The five minds of a manager
Publication Year: 2003
Journal: Harvard Business Review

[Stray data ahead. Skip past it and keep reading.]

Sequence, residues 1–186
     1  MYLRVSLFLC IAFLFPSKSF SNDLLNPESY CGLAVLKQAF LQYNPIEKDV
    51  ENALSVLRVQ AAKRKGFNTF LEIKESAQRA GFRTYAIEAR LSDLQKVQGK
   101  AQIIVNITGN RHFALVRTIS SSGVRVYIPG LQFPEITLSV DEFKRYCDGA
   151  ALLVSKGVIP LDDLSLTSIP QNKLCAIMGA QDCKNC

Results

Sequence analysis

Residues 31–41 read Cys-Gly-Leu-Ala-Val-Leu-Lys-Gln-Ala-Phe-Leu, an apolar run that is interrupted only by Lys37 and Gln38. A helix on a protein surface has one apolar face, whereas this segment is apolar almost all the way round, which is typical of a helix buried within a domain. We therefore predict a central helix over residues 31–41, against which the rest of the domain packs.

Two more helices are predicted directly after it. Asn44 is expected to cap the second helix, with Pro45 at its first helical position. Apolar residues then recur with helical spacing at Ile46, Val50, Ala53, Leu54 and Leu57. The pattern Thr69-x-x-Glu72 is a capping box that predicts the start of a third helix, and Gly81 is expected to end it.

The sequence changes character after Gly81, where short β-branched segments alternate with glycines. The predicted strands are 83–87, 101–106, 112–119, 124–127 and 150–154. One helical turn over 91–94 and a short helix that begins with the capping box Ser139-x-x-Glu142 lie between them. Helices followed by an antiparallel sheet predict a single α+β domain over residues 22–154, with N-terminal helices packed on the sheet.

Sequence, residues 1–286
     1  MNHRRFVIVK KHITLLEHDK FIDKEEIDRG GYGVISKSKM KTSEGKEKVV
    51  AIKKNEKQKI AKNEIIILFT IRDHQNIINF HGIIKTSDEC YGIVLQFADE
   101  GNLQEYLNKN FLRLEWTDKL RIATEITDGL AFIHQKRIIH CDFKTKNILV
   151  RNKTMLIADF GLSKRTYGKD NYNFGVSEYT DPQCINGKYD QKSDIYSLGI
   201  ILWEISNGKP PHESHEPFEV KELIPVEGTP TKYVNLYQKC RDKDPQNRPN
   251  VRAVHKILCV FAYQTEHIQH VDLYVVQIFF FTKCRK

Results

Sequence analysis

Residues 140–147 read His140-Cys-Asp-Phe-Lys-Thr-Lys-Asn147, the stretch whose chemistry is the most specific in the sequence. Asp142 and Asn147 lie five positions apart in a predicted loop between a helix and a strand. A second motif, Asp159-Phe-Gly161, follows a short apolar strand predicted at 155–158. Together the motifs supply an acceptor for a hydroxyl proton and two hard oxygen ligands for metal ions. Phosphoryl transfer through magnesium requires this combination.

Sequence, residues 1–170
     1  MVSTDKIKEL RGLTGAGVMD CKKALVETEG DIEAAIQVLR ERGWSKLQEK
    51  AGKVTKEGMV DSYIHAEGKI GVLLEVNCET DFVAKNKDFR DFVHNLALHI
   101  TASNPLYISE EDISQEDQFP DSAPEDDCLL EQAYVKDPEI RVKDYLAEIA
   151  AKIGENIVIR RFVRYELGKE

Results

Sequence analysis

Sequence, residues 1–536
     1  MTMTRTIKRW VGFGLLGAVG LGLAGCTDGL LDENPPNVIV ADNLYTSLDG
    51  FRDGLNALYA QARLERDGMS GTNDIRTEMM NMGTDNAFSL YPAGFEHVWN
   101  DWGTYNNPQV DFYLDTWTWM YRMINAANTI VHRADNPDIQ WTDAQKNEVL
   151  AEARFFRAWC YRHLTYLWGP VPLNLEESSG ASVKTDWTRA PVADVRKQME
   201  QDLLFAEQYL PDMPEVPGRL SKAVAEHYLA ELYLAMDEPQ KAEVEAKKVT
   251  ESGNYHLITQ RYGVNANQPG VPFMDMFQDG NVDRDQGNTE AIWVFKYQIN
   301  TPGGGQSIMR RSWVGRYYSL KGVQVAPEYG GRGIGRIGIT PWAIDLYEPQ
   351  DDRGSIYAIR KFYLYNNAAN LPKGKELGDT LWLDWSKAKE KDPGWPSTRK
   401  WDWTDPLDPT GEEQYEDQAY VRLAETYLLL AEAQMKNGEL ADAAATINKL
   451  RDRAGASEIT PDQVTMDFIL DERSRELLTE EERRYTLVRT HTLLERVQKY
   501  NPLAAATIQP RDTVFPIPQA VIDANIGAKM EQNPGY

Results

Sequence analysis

Managers are told: Be global and be local. Collaborate and compete. Change perpetually, and maintain order. Make the numbers while nurturing your people. To be effective, managers need to consider the juxtapositions to arrive at a deep integration of these seemingly contradictory concerns. That means they must focus not only on what they have to accomplish but also on how they have to think. When the authors, respectively the director of the Centre for Leadership Studies at the University of Exeter in the United Kingdom and the Cleghorn Professor of Management Studies at McGill University in Montreal, set out to develop a master's program for practicing managers, they saw that they could not rely on the usual MBA educational structure, which divides the management world into discrete business functions such as marketing and accounting. They needed an educational structure that encouraged synthesis rather than separation. Managing, they determined, involves five tasks, each with its own mindset: managing the self (the reflective mindset); managing organizations (the analytic mindset); managing context (the worldly mindset); managing relationships (the collaborative mindset); and managing change (the action mindset). The program is built on the exploration and integration of those five aspects of the managerial mind.